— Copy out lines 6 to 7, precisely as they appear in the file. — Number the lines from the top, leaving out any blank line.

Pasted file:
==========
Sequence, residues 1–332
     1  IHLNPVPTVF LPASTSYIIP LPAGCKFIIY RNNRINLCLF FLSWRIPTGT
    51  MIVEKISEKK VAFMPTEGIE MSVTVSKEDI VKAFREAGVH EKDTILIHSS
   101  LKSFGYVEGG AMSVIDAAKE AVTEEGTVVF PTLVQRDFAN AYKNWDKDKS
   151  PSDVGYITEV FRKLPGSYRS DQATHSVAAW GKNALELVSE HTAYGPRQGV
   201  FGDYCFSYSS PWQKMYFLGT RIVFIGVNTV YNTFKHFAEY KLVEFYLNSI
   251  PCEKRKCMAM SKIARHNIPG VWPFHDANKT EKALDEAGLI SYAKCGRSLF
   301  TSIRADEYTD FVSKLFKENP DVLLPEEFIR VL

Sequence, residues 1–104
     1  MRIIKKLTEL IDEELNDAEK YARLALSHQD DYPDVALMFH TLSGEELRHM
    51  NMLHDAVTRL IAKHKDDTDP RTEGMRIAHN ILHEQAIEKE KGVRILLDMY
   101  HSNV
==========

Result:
   201  FGDYCFSYSS PWQKMYFLGT RIVFIGVNTV YNTFKHFAEY KLVEFYLNSI
   251  PCEKRKCMAM SKIARHNIPG VWPFHDANKT EKALDEAGLI SYAKCGRSLF